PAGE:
At the SAMSA stakeholders’ function in Durban on Thursday evening, this blog also chatted randomly with leaders in the sector and specifically women in maritime for both their company’s highlights of 2019 as well as progress being achieved in the general advancement of women in the sector.

Video interviews of their views will be shared on this platform soon.

 

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Oil pollution combating strategies at African seas under focus in Cape Town: IMO

DSC_6221.JPGCape Town: 29 October 2019

Consultation and closer collaboration in the implementation of measures to prevent and combat oil pollution at the world’s oceans remains the key to success, delegates to an African regional conference of the Global Initiative for West, Central and Southern Africa (GI WACAF), heard in Cape Town on Monday.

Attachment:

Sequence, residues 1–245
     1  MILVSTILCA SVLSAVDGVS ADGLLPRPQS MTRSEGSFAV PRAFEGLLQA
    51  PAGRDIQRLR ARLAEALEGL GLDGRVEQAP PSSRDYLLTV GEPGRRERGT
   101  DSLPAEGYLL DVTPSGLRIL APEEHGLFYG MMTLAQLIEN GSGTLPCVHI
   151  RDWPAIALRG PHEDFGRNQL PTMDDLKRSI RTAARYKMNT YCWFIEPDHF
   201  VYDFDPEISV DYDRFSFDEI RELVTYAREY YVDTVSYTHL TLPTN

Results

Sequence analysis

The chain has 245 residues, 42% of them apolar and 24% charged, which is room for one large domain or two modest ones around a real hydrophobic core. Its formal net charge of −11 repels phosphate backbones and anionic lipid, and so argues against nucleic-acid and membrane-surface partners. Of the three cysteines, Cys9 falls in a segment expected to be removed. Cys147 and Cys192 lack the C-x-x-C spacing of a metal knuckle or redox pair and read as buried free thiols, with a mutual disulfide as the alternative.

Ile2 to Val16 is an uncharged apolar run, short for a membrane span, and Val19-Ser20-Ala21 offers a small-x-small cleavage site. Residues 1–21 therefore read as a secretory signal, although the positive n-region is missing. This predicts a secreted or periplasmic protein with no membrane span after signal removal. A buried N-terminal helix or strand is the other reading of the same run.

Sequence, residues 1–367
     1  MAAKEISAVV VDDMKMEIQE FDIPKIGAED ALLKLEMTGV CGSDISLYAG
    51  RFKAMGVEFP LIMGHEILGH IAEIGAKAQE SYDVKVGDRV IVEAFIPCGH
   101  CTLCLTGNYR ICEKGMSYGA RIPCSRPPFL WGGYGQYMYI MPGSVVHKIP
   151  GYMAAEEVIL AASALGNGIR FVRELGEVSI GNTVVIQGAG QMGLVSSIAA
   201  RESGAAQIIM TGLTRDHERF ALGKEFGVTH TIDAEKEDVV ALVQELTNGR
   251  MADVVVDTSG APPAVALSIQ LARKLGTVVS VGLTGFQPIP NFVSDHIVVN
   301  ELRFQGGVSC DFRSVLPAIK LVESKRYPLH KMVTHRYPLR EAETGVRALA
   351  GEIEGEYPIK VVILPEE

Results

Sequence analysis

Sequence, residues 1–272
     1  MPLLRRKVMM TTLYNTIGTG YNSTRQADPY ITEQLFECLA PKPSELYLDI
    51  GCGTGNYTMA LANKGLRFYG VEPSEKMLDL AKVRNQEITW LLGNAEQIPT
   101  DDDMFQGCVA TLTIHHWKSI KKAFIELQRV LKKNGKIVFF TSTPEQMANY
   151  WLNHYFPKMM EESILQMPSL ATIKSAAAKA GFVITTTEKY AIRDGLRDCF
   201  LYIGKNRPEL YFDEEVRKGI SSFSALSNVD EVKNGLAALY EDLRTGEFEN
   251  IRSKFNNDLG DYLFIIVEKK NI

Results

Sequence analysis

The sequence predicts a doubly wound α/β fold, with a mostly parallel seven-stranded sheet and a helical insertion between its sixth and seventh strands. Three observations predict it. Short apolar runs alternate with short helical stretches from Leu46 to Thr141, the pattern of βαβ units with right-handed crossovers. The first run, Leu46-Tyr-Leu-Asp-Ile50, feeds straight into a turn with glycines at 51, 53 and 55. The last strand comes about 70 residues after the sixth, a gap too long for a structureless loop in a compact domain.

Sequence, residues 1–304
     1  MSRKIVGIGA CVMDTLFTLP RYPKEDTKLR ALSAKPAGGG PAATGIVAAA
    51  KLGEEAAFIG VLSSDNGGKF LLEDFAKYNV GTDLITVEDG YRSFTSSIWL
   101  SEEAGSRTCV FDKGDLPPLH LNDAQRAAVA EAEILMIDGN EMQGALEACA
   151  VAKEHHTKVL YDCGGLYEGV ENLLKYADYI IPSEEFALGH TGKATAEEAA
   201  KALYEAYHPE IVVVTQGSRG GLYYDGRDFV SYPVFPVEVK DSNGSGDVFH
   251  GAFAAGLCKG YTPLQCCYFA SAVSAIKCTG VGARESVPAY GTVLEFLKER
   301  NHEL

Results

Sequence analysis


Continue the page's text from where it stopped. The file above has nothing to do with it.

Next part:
The advice was shared by industry chair of the GI-WACAF Project, Mr Rupert Bravery during the opening of the four-day conference, from Monday to Thursday, and during which a further two-year agreement on a regional action plan is hoped to be discussed and endorsed.

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Delegates from 22 African countries attending the 8th Global Initiative for West, Central and Southern Africa Project conference currently underway in Cape Town. The conference started on Monday and ends on Thursday (28-31 October 2019).

As many as 100 delegates from about 22 west, central and southern African countries are attending the bi-annual conference, now in its 13th year, and led by the International Maritime Organisation (IMO) in collaboration with hosts, South Africa, via the Department of Transport’s Maritime Directorate as well as the South African Maritime Safety Authority (SAMSA).

Countries represented include Angola, Benin, Cameroon, Cabo Verde, Congo, Côte d’Ivoire, Gabon, Gambia, Ghana, Guinea, Guinea-Bissau, Equatorial Guinea, Liberia, Mauritania, Namibia, Nigeria, Democratic Republic of the Congo, South Africa, Sao Tome and Principe, Senegal, Sierra Leone and Togo.